Set out financial arrangements between you and your partner when you live together using this cohabitation agreement (also known as a no-nup). This simple living together agreement protects your assets acquired before living together. It also specifies how living expenses will be distributed and how assets and debt acquired during cohabitation will be shared. Create this formal agreement so that in the event you do cease living together it is clear who owns what
When should I use a cohabitation agreement?
Use this cohabitation agreement if:
- you are either living with someone or are about to start living with someone
- you want to be clear about the ownership of assets and how bills will be paid
- you want a formal agreement which could be taken into consideration by the courts if you split up
What's included in a cohabitation agreement?
This cohabitation agreement specifies that:
- the couple's incomes remain separate
- assets owned before the cohabitation remain the property of the person who acquired them
- assets acquired jointly after the cohabitation are joint property
- assets acquired by one person after the cohabitation remain the property of that person
- jointly acquired debts are the joint liability of the couple
- living expenses will either be paid equally or in agreed percentages (optional)
What's a cohabitation agreement?
A cohabitation agreement is an agreement between partners who live together and want to ensure clarity both during the course of the relationship and in the event that it should break down in regards to their rights in relation to property and children.
Do I need a cohabitation agreement?
You need a cohabitation agreement when you decide to live with your partner and want to ensure that both of you are clear about the ownership of assets and how bills will be paid. A cohab agreement also sets out how affairs will managed in case of a relationship breakdown.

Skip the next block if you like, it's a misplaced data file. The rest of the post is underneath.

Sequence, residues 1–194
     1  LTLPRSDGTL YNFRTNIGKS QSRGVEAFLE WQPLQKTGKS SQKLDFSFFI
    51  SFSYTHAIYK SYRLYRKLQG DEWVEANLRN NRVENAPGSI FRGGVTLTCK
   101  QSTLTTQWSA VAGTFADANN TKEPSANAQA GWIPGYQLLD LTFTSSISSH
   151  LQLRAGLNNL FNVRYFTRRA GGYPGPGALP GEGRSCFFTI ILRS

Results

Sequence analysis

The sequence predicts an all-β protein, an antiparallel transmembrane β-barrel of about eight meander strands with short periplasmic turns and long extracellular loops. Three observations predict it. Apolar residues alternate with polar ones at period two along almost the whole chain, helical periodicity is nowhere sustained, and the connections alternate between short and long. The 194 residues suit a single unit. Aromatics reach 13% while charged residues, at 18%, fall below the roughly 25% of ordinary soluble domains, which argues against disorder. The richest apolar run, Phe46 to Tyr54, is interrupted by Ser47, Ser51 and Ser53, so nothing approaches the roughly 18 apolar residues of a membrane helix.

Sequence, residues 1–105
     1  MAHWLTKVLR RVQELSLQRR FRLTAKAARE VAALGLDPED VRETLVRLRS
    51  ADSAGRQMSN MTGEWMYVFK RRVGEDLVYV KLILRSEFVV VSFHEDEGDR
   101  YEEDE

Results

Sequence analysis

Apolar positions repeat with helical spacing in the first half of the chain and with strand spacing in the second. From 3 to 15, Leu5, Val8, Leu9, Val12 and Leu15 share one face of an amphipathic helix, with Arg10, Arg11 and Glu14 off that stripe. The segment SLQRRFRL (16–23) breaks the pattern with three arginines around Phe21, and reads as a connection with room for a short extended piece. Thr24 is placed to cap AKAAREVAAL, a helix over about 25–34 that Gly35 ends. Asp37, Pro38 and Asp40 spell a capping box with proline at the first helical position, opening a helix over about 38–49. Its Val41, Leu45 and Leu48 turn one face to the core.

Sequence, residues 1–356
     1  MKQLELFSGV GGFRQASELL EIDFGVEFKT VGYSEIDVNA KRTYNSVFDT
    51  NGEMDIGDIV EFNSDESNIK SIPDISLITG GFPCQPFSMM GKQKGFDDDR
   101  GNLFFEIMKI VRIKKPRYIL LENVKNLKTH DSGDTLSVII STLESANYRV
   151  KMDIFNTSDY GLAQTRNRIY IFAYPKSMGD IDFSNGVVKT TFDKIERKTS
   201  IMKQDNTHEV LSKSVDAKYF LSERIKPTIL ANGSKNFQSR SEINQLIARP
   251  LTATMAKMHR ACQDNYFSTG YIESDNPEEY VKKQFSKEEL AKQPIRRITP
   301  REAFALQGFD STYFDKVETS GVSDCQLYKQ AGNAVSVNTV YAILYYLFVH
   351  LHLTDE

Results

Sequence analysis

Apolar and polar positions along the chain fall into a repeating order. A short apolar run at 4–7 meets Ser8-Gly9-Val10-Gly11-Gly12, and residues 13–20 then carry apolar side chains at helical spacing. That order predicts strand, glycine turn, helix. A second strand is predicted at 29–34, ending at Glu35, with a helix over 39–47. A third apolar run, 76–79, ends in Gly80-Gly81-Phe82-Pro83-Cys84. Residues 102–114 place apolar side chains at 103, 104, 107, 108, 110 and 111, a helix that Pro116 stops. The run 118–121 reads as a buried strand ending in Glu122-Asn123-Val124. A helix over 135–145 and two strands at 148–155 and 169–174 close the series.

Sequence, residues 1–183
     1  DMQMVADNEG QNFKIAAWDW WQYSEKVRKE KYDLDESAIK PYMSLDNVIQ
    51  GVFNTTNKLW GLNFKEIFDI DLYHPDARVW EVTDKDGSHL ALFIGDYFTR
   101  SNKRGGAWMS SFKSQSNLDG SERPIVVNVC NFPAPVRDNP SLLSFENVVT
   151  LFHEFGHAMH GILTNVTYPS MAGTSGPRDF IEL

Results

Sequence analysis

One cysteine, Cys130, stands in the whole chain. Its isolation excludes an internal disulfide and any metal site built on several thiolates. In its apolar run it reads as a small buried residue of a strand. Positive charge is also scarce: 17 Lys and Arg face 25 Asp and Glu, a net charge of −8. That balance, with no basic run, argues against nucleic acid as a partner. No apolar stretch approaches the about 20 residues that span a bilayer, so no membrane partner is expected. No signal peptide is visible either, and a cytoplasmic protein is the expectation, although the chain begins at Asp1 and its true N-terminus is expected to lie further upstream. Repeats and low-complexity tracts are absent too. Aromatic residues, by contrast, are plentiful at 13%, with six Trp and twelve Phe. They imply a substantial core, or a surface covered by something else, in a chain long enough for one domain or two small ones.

Does each person need to take independent legal advice before signing this document?
Both parties are required to take independent legal advice before entering in this agreement. It is also required that both parties enter into this agreement freely and voluntarily and that you both make full relevant financial disclosures in order to avoid future allegations of undue influence.
Will all the assets be shared between the parties who entered into this agreement?
The assets owned before the cohabitation and the assets acquired by one person after the cohabitation remain the property of the person who acquired them. However, the jointly acquired assets after cohabitation commenced are the joint property of both partners.
Will all one party be liable for other party's liabilities once you enter into this agreement?
Once you enter into this agreement, neither of the parties will be held liable for any of the liabilities incurred in the sole name of the other party. They will only be liable in equal shares for the debt acquired jointly.
How can this agreement be terminated?
This agreement can be terminated on the occurrence of following events:
- the death of one of the partners
- when the partners enter into a marriage or civil partnership with each other or with another person
- both partners mutually agree to terminate this agreement by deed
- when one of the partners hands in a written notice of termination to the other
- the partners have or adopt a child
- when the court sets this agreement aside
How will the assets be distributed once this agreement is terminated?
On termination, the assets acquired after entering into this agreement will be sold and the net proceeds of sale divided equally between both partners. Any joint debt will have to be arranged with the lender to be repaid in equal shares as well. Other separate property and income will remain with the owner. Each partner will remain liable for their personal debts.
Ask a lawyer for:
- legal advice before entering into this agreement
- if you have complex financial assets
- if you have children
- if either of you is disabled
This cohabitation agreement is governed by the laws of England and Wales or Scotland.